Rome has a Mediterranean climate with cool winters and generally hot summers, which means that any time of year is good for visiting the city.
Temperatures are more or less pleasant throughout the year with average high temperatures of 12°C (53°F) and average lows of 4°C (39°F) during the coldest months (January and February) and average high of 31°C (88°F) and average lows of 20°C (68°F) during the hottest summer months (July and August).
In November average lows of 8°C (46°F) and average high of 18°C (64°F). Average rainy days 9.
At the beginning of November we used to have a few days we call ‘St. Martin’s summer’ with almost summer temperatures. However, climate changes affect also our Mediterranean climate.


Like in the rest of the European Union, the official currency is Euro (€). The most common credit cards are accepted in most of the businesses and hotels. Visa, MasterCard, American Express and Diners Club cards are widely accepted at hotels, department stores, shops, and restaurants. Better to ask taxis if they get credit card, not all of them accept this form of payment.


Most stores in Rome are open Monday through Saturday, from 9 am to 1 pm – 1:30 pm and from 3:30 pm to 7:30 pm. The shops on the main shopping streets do not close at lunchtime and usually close a little later. On the main shopping and business streets, clothing stores and department stores are open on Sundays.
The main shopping area in Rome is located in downtown area of Via del Corso and Piazza di Spagna.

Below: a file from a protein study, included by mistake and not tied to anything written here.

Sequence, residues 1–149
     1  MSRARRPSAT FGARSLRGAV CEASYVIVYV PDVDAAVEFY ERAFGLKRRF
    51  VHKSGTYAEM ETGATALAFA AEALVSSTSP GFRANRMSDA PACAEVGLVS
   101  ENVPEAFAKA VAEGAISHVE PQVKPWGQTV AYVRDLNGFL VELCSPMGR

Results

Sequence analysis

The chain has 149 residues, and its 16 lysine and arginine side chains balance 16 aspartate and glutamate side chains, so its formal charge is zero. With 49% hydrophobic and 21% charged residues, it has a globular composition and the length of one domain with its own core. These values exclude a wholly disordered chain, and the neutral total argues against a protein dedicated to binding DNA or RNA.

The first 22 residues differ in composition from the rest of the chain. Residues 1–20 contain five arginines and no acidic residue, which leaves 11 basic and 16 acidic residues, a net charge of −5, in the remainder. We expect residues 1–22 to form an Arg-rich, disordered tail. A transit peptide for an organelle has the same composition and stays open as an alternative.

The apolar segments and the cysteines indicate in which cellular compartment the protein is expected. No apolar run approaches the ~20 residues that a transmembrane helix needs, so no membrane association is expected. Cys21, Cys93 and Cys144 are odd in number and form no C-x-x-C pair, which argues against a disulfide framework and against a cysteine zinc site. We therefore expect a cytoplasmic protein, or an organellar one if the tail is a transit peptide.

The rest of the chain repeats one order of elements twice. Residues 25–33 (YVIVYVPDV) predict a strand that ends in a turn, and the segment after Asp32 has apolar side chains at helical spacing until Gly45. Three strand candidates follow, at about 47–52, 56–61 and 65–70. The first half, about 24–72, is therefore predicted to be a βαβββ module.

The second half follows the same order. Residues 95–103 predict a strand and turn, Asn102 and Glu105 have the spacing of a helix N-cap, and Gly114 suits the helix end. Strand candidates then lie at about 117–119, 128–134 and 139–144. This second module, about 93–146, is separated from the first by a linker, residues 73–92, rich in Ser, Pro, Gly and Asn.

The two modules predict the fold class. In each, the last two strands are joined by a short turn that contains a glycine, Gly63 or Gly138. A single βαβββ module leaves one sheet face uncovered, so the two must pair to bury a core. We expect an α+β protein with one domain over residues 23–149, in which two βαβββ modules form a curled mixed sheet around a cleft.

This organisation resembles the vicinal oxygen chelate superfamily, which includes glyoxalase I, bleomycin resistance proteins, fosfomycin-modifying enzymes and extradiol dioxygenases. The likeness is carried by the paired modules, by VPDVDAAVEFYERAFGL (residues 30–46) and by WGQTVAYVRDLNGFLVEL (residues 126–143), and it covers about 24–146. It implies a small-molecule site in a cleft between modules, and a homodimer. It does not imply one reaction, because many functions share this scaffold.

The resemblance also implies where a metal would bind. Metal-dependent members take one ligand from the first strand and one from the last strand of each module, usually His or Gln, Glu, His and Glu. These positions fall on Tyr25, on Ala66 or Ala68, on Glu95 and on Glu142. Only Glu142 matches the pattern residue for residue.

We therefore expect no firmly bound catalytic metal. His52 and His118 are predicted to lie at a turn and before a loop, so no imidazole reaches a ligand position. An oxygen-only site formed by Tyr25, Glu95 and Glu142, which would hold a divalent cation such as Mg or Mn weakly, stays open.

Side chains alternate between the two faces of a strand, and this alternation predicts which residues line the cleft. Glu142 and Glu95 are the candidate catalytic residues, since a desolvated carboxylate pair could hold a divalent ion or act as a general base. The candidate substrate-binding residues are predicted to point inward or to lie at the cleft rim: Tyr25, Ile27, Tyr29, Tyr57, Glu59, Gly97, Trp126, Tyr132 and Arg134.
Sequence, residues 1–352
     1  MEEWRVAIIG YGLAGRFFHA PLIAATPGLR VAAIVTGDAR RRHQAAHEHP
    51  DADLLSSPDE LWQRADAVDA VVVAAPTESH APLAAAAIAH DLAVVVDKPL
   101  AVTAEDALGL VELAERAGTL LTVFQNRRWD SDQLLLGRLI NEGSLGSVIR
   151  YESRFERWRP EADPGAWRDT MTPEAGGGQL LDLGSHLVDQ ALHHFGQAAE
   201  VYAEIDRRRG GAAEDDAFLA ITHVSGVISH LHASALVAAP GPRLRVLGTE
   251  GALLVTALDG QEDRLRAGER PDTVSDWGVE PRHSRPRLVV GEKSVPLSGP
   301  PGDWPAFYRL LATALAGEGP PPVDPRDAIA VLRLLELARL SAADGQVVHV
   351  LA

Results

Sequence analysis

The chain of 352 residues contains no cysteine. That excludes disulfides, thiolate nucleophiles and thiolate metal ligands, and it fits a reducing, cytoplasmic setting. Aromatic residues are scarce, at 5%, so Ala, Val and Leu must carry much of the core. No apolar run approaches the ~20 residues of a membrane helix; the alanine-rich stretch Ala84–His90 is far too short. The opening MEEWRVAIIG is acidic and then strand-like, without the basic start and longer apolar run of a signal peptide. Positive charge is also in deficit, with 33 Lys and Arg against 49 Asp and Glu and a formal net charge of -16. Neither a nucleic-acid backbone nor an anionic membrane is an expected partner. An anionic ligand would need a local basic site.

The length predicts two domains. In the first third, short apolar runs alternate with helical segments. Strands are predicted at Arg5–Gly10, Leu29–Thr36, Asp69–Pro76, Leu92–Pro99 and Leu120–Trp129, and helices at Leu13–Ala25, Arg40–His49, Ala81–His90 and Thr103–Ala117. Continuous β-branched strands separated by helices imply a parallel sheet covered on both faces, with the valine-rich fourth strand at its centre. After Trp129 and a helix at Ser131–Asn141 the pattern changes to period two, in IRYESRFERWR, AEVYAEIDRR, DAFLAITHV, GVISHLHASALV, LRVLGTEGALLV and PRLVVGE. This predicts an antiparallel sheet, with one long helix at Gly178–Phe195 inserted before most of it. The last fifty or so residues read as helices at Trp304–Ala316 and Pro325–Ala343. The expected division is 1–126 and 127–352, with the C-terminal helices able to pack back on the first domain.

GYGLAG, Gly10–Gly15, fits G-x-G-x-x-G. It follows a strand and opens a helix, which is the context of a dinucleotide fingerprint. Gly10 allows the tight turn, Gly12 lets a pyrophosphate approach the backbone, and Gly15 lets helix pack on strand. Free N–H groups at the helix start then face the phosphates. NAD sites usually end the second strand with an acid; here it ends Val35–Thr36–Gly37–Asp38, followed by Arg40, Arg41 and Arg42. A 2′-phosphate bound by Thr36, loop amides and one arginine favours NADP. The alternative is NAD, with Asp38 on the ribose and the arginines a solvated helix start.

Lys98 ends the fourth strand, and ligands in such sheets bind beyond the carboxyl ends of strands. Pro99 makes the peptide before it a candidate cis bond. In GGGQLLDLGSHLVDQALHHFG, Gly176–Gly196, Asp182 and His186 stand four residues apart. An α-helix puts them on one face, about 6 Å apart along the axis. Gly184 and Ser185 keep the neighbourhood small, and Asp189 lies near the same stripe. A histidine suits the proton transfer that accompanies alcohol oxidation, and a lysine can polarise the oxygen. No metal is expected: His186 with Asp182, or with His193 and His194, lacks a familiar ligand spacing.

You can easily get around Rome and visit its fantastic attractions by bus, by subway (“Metropolitana”), by taxi and on foot.
For public transportation, you have different solutions, according to your plans, from one day ticket to multiple days passes.
You may plan your journey and have detailed information about transportation tickets at this link:

‘Leonardo Express’, a non-stop train service from the Fiumicino main airport takes you to Rome Central station in 32’ – price is € 14,00, a very useful service in peak hours.

Tourist cards including access to public transportation and Museums and archaeological sites are also available. Please visit:

Rome has 3 subway lines (A – B – C) and several bus routes covering almost all parts of Rome and its suburbs. A single ticket costs euro 1,50 and it is valid 100 minutes after validation, one single journey on the metro.

The Conference venue is located in the E.U.R. district, which is not in the historical city centre. However, you can reach the Conference Centre by underground line B, connecting E.U.R. district to Rome downtown area (Termini railway Station, Colosseum and Circo Massimo areas) to EUR district. The nearest stations to the Conference venue is Laurentina station (200 meters).

Buses run from 5.30 a.m. to 11.30p.m. with only the night buses after 11.30p.m. The subway (Metro) lines run from 5.30 11.30 p.m. and, on Friday and Saturday nights, to 1.30 a.m. Tickets can be bought at all railway and metro stations, as well as at the authorized sales points (newsagents, coffee bars, tobacconists and P.I.T. – Tourist information points).


Taxis licensed by Rome City Council are white and bear the sign “TAXI” on their roofs. The symbol of Rome City Council is also clearly visible on the vehicle’s front doors and the license number is shown inside the car on the back left door.